Jamaica: Political Parties Material

Scope and Content

Manifestos, speeches, pamphlets, leaflets, letters, newsletters, journals, posters and miscellaneous election material, 1938 onwards, issued by the Jamaica Labour Party, the People's National Party (Jamaica), the People's Political Party (Jamaica), the Revolutionary Marxist League of Jamaica, the Socialist Party of Jamaica, the Women's Freedom Movement (Jamaica), the Workers' Liberation League (Jamaica), the Workers Party of Jamaica, and Young Jamaica.

Administrative / Biographical History

Jamaican politics, like those of many nations in the region emerging from British rule, has been dominated by parties with close trade union links. The founder of the Jamaican Labour Party (JLP) gave his name to its main affiliated union, the Bustamante Industrial Trade Union (BITU), while its leading rival, the People's National Party (PNP), is supported by the National Workers' Union (NWU). The JLP won the first elections conducted under full universal adult suffrage in 1944 and later the 1962 elections to determine which party would lead Jamaica to independence (following four years in which the country was part of the Federation of the West Indies). In 1972 the PNP's Michael Manley (son of the party's founder Norman Manley) was elected on a programme of social reform whose attempted implementation led to conflict with vested interests on the island (now increasingly represented by the JLP and Edward Seaga) and with the United States. The PLP won the following elections but were defeated at the polls in 1980, both campaigns being marked by violence between the supporters of the two parties. Following a decade of JLP rule Manley and the PLP, having essentially abandoned their previous political stance, returned to power in 1989 and have remained the governing party since.


Alphabetically by party, and then in rough chronological order.

Access Information

Open to all for research purposes; access is free for anyone in higher education.

Acquisition Information

Institute of Commonwealth Studies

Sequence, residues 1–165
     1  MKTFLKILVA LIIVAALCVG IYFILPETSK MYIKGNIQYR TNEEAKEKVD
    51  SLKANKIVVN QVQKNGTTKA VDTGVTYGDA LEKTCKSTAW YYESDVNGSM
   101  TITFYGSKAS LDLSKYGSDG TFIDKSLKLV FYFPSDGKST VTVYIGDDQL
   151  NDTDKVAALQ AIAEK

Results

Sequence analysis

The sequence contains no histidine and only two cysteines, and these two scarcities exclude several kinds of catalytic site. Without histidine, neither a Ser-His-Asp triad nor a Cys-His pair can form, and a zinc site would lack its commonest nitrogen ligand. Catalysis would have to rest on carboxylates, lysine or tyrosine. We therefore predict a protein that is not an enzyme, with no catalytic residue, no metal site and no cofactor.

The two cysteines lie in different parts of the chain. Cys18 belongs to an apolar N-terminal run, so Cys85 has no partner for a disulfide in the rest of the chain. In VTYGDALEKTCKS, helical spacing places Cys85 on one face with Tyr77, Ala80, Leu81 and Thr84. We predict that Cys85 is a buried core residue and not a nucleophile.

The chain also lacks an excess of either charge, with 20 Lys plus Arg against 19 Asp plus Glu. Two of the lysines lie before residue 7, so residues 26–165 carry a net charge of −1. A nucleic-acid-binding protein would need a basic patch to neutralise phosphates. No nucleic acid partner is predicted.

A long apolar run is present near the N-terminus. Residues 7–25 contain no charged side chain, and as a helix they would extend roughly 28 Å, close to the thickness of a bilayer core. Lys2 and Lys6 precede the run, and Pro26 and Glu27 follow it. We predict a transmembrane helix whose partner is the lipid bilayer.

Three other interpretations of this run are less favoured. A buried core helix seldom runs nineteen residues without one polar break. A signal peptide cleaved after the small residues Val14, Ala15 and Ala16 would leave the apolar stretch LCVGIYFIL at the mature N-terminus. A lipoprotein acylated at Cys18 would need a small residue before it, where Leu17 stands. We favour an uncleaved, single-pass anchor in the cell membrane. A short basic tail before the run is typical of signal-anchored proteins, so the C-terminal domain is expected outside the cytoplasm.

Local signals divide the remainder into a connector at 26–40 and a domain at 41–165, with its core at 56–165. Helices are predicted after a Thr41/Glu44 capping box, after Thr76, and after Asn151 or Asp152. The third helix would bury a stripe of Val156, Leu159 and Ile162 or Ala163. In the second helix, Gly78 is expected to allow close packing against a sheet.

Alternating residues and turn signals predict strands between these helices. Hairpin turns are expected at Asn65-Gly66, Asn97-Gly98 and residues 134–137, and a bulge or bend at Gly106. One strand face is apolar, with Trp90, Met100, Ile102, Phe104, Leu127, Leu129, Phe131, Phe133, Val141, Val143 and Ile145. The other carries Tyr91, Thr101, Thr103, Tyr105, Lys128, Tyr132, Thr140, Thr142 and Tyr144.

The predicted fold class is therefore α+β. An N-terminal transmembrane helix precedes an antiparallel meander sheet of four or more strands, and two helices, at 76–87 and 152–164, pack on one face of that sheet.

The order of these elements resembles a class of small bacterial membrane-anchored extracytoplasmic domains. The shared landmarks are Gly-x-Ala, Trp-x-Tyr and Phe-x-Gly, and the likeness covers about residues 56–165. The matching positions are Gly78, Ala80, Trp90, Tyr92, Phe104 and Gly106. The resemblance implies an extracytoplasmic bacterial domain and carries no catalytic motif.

The Political Archives Project was a 2.5 year project to catalogue political archive material held in the libraries of the Institute of Commonwealth Studies and the Institute for the Study of the Americas to the University and present it as a cohesive virtual collection. The project was successfully completed in July 2005. Descriptions of all the documents may be found by searching the library catalogue at http://catalogue.ulrls.lon.ac.uk/, or via the Political Archives website: http://polarch.sas.ac.uk

Other Finding Aids

Records at item level on library catalogue (SASCAT).

Archivist's Note

Description compiled by Daniel Millum, Political Archives Project Officer at the Institutes of Commonwealth and Latin American Studies.

Conditions Governing Use

Copies can usually be obtained - apply to library staff.

Custodial History

The ICS political parties collection was begun in 1960-1961, with special emphasis being placed on primary material such as party constitutions, policy statements, convention reports and election manifestos. Since then, the main method of gathering material has been to appeal directly to political parties throughout the Commonwealth, though contributions from Institute members and staff following visits to relevant countries have been significant. More recently material has been collected by means of downloading documents from the websites of the major parties.


Further accruals are expected, some in electronic form.

Related Material

See also Jamaica: Trades Unions Material (TU.JM) and Jamaica: Pressure Groups Material (PG.JM), as well as Political Party, Trades Unions and Pressure Group Materials for other Commonwealth countries and related material in the library's main classified sequence, all held at the ICS.

Geographical Names